If you spend time outdoors, you might have heard the phrase "leaves of three, let it be." Poison ivy is recognized by its three smooth-edged leaves. If you are unlucky enough to brush up against it before recognizing it, there is an 85 percent chance of developing a rash. Home remedies to provide relief to a reaction to poison ivy include taking a dip in a swimming pool.
Nine different subspecies of poison ivy grow across North America, from Nova Scotia to Mexico. Oil in the leaves of poison ivy can cause contact dermatitis for anyone who gets it on his or her skin. If you are exposed to poison ivy, you might experience redness and swelling of the skin. In severe cases, blisters can form and ooze pus. The rash will itch. Scratching it does not make the rash worse, but you can damage the skin and put yourself at risk for bacterial infection with germs under the fingernails.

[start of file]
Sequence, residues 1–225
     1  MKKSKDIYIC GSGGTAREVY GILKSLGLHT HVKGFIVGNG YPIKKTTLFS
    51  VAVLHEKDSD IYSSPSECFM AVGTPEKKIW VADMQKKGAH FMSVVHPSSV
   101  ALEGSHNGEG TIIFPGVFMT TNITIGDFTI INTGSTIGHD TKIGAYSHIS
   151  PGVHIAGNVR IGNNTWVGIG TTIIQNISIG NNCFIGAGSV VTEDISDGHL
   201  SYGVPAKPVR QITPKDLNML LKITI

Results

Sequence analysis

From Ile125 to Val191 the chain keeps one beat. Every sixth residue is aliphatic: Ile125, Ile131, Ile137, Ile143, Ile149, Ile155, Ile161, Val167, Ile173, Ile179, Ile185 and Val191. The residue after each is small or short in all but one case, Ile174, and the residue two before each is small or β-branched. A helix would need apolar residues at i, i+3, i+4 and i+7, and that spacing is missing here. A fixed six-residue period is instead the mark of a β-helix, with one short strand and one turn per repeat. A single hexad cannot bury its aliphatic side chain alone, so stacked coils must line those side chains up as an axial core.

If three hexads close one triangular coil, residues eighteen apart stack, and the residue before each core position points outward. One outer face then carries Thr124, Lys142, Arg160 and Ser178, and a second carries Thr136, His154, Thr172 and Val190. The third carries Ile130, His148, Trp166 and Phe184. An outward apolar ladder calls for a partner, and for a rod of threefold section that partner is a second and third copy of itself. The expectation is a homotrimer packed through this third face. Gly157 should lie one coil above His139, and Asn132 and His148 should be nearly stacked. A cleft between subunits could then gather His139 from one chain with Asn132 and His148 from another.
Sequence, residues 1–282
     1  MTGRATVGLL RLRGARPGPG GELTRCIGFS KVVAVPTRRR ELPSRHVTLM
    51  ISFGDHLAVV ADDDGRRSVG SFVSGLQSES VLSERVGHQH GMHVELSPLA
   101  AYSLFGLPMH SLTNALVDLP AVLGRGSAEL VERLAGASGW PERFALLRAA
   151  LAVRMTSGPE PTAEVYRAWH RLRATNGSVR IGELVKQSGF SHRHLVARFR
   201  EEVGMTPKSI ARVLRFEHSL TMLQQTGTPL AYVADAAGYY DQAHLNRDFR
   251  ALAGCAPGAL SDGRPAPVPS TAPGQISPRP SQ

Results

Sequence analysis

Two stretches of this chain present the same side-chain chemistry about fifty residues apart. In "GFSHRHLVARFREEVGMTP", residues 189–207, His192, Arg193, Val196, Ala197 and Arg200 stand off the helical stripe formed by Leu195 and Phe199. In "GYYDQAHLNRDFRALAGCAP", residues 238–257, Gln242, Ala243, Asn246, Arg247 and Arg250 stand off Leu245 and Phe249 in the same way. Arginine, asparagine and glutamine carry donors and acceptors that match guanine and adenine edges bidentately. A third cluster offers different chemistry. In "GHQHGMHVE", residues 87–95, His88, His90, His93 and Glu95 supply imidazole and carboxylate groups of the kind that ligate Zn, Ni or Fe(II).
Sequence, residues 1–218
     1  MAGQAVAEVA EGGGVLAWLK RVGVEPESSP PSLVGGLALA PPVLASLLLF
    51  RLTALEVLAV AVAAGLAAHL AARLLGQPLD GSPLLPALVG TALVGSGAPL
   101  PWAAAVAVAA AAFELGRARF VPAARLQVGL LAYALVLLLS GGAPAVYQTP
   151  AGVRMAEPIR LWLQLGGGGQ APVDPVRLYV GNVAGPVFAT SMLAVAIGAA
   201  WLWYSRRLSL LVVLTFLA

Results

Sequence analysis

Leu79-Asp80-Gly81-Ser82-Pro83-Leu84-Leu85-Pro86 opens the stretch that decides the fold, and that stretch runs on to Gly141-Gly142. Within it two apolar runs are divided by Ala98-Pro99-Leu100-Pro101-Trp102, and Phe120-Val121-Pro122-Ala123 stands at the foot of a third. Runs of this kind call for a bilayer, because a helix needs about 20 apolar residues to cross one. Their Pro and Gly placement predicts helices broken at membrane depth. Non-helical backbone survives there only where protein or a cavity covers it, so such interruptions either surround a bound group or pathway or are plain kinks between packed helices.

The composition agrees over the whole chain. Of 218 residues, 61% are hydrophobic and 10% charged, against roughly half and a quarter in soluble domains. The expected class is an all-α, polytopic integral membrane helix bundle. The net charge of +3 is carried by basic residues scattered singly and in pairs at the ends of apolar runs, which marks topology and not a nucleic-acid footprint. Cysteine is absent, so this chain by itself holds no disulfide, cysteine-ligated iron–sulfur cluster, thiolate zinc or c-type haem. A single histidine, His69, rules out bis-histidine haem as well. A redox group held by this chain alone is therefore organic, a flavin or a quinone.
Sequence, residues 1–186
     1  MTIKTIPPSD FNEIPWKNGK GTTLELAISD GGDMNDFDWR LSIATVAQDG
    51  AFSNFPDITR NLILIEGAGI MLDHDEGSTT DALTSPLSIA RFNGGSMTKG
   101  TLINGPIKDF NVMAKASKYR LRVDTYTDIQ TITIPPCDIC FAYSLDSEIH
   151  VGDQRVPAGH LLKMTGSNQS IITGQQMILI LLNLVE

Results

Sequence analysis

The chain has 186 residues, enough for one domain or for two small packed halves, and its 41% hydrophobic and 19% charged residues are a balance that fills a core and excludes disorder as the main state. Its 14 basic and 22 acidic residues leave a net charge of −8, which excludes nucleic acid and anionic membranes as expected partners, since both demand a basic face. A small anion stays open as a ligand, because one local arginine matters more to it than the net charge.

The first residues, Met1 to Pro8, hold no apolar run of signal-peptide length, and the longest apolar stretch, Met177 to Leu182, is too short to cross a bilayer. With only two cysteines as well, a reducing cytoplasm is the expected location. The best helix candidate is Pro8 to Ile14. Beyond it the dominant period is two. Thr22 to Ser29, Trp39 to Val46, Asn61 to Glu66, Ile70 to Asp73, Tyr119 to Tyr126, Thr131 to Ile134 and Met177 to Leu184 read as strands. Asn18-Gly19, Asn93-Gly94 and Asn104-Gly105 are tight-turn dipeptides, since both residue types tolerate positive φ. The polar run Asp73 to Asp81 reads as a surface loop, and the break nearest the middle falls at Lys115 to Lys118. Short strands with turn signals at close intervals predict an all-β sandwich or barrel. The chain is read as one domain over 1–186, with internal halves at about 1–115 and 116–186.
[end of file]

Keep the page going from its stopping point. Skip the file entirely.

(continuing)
Topical medications to treat a reaction to poison ivy cause the skin to contract. This reduces inflammation and helps relieve the incessant itching. Chlorinated water in swimming pools also causes the skin to contract. The cool water also will feel good on irritated skin and the itch-relieving properties of chlorine will linger after leaving the pool.
The redness and itching of poison ivy is caused by the oil of the plant, not exposure to someone with a rash. You can swim in a pool with other people and they will not be at risk for developing the rash. However, if you have open wounds from scratching, you should not be in a swimming pool.
Poison ivy rashes usually fade without treatment in about two weeks. You can swim during that time for some relief. Outside of the pool, cold compresses or oatmeal-based lotions can help. Creams that relieve itching and allergic reactions also may help ease symptoms. In severe cases with many blisters, speak with a doctor. Medication such as prednisone reduce inflammation and in some cases stops allergic reaction.
- "Poison Ivy, Pets & People"; Heidi Ratner-Connolly, Randy Connolly; 2010
- "A Field Guide to Poison Ivy, Poison Oak, and Poison Sumac"; Susan Carol Hauser, William L. Epstein; 2008
- Photo Credit poison ivy image by Predrag Marcikic from Fotolia.com
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